Leapdragon 2016 - Aron Hsiao Was Here

Certain women struggle to move beyond “in utero.”  §

There is a way in which a certain slice of the world’s women, particularly in the western world, unknowingly want to pull everyone and everything around them back into the womb.

Not being a woman, I’m not sure exactly where this comes from or how it feels, but if I were to speculate, it must have something to do with the feeling of loss that comes from once having carried children as a part of one’s body and one’s identity… and then having seen them disembark and emerge into the world as separate beings… and then having seen them begin to wander off, independently, into society.

I’m sure it’s a wistful, if not downright painful, feeling.

But brass tacks here, there is a toxic femininity, and this impulse is it—all of life cannot return to the womb. It’s a physical impossibility, and even if it weren’t, for anyone not an infant, the womb would be a prison, not a space of nurturing.

The deep, pained pull toward always being and doing things “the same as each other” and “together,” the unbound desire for consensus, the frustration at competition, at independence, at agency and different opinions—all of these seem reflective of the deep-seated desire to recapture a lost unity that can never be again.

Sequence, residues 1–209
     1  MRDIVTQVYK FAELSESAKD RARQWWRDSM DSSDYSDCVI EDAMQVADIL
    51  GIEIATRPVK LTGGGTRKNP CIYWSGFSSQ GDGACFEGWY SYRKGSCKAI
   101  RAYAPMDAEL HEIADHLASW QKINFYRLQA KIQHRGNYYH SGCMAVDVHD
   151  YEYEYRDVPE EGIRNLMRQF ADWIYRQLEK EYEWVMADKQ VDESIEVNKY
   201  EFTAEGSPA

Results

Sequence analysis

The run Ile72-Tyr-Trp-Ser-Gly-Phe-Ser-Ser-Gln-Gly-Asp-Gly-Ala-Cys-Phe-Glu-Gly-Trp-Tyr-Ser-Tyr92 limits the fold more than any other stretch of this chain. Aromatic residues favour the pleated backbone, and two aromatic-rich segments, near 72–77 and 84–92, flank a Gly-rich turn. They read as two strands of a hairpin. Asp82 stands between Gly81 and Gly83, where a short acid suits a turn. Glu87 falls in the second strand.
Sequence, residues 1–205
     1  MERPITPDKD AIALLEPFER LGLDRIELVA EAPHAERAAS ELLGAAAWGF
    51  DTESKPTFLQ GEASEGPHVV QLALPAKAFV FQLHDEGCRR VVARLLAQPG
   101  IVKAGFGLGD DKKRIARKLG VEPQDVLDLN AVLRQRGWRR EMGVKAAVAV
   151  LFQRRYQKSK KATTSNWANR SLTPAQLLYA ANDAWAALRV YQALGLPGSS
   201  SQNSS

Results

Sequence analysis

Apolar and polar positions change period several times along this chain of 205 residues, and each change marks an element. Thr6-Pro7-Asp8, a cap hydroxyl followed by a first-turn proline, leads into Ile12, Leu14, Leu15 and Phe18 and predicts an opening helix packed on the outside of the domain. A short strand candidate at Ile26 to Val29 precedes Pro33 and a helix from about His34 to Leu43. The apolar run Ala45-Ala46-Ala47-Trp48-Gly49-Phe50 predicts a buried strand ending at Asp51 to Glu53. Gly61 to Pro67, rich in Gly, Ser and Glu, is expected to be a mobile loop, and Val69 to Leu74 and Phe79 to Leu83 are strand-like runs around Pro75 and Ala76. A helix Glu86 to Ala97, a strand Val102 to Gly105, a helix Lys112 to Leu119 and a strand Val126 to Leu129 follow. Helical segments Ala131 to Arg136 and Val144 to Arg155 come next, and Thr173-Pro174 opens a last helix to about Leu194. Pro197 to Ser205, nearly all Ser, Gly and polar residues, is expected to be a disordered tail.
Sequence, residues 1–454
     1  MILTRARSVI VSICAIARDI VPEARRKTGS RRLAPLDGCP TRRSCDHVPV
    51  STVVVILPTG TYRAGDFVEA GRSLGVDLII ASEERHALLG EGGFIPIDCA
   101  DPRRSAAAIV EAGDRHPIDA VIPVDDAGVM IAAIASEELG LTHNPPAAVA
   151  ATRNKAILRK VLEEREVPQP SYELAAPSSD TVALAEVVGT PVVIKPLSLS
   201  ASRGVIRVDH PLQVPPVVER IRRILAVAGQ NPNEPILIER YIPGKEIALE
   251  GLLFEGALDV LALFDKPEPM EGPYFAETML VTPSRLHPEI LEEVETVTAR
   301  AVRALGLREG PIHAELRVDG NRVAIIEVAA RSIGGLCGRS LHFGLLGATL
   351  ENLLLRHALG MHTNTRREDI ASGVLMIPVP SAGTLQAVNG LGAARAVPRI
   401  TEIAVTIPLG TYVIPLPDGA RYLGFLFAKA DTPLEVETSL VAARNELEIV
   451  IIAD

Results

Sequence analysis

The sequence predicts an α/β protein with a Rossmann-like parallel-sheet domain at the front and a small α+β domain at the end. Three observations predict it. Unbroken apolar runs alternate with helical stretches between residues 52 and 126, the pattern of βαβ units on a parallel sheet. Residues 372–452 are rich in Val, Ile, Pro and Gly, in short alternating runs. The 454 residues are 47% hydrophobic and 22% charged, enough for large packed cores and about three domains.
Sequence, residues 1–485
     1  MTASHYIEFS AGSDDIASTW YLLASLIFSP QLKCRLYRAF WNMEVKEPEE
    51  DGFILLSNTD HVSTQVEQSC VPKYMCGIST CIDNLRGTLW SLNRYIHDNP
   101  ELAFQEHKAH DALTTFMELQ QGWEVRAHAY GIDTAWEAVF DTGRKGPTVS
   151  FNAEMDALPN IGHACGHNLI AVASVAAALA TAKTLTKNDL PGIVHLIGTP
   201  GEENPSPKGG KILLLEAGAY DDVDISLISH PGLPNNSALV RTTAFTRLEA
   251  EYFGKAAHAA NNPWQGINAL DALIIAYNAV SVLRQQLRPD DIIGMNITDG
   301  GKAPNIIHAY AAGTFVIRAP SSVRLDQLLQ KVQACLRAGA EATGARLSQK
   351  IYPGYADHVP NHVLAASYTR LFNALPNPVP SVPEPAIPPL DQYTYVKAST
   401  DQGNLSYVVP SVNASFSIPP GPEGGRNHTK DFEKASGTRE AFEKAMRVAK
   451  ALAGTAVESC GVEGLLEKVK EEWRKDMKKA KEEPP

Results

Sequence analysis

Life, in other words, goes on.

For boys in particular, the impulse to engulf isn’t just stifling, it’s deadly. Boys don’t have it. We don’t need it. We have neither womb nor the impulse to fill it nor the impulse to be within it. From the moment we come into existence, it is our destiny to leave the maternal milieu forever, to make a self and an identity that is our own.

We are fertile tendrils in our own right, new offshoots of humanity. We travel for adventure, materially or conceptually. We branch from the primary root and go our own way. We break new ground, forge new foundations.

As the father of a young boy, I have to say—upon reflection—that to try to pull a boy back into the womb is to try to kill him—even if he doesn’t realize it until far too late. Sad that this bit of wisdom has been lost today.

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